While the middle class continued to hope in the wake of the nuclear deal, patience was running low for the labor class in smaller cities. They were increasingly buckling under the pressure of meeting basic needs. In December 2017, the working class took the lead in protests organized in more than 100 cities across the country. The urban middle class, some fearing that Iran would fall into chaos and become another Syria, refrained from joining these nationwide protests.
A new movement was born, one in which the working class openly criticized the Iranian government itself, questioning the regime’s social and political legitimacy. Unlike in 2009, Washington did not remain silent in the face of these protests. The Trump administration, which had already disparaged Obama’s nuclear deal with Iran, saw the unrest as an opportunity. President Trump’s administration proceeded to increase economic pressure. In 2018, the US left the Iran deal and sanctions were restored with the aim of destabilizing the economy and maximizing the pressure campaign against the Iranian government to limit its regional influence.
Renewed economic pressure may indeed fuel the protests, but sustained unrest against the backdrop of rapidly deteriorating economic conditions will not guarantee a democratic future for Iran. Intensified sanctions, even if they achieve the goal of extending the protests, are unlikely to change the behavior of the Iranian government in pursuit of minimizing human rights violations domestically and regionally. Likewise, renewed sanctions may allow the government to sidestep accountability by blaming its long history of economic mismanagement and lack of transparency on sanctions. Either outcome fails to advance Iran’s prospects for a democratic future.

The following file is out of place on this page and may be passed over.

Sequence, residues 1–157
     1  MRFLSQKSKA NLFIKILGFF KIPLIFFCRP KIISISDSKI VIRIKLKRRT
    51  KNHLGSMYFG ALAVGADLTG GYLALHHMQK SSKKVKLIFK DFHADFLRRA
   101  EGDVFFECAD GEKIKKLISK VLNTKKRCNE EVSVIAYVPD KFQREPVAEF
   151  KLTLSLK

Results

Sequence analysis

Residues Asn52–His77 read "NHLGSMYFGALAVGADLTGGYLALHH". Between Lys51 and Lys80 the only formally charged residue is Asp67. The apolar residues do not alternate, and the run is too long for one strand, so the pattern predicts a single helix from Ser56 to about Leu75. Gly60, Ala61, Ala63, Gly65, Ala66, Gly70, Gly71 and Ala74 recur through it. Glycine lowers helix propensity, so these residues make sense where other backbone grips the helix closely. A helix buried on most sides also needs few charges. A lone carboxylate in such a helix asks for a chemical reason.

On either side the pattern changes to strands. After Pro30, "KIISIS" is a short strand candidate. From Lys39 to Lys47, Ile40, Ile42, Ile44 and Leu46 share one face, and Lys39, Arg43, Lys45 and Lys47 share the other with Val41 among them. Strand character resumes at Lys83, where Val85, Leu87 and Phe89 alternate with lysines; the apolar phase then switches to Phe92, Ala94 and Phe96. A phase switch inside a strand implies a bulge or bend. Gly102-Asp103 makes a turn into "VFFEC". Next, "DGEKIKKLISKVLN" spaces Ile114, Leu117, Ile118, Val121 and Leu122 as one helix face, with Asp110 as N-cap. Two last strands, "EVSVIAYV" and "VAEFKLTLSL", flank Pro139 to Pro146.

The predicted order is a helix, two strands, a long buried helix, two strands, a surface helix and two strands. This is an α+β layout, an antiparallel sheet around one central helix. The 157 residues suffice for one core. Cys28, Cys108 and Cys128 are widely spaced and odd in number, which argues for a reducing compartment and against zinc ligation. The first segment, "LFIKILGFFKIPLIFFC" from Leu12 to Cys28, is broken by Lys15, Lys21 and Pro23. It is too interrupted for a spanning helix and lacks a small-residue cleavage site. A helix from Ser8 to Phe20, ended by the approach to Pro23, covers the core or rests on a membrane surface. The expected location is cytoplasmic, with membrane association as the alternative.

Many Iranians already consider the government in Tehran responsible for much of the hardship and repression they face on a daily basis. Allowing Tehran to shift blame for its own mistakes onto Washington does more to aid the regime than it does to support its critics among the Iranian working and middle classes. It also further alienates those Iranians who are weary of US claims to support Iranian citizens in their struggle for democratic values and human rights.
Similar to previous administrations, the Trump administration is missing the nuances about Iran. One difference stands out: this time, Iran is closer to the edge than ever in the past forty years. The Iranian nation has endured years of struggle with the hopes of bringing about fundamental reforms and a future without bloodshed and instability. Iranians learn daily of economic mismanagement and corruption among the ruling elite. The working class is simply not able to endure the current economic situation. The middle class, while thus far unwilling to take to the streets due to the fear of chaos and instability, is also facing dire economic conditions.
Iranians share the struggle for socio-economic, civil, and political rights nationwide. However, the reluctance of the middle class to join marginalized groups in their demands for government accountability is an alarming sign that demonstrates a lack of unity among those who fear instability and those frustrated citizens who are most burdened by the deteriorating circumstances. The current state of discord makes it easier for the Iranian government to subdue the energy of the latest protests. Without unity and dialogue, Iran’s citizenry will continue struggling to turn collective frustration into a viable future for Iran.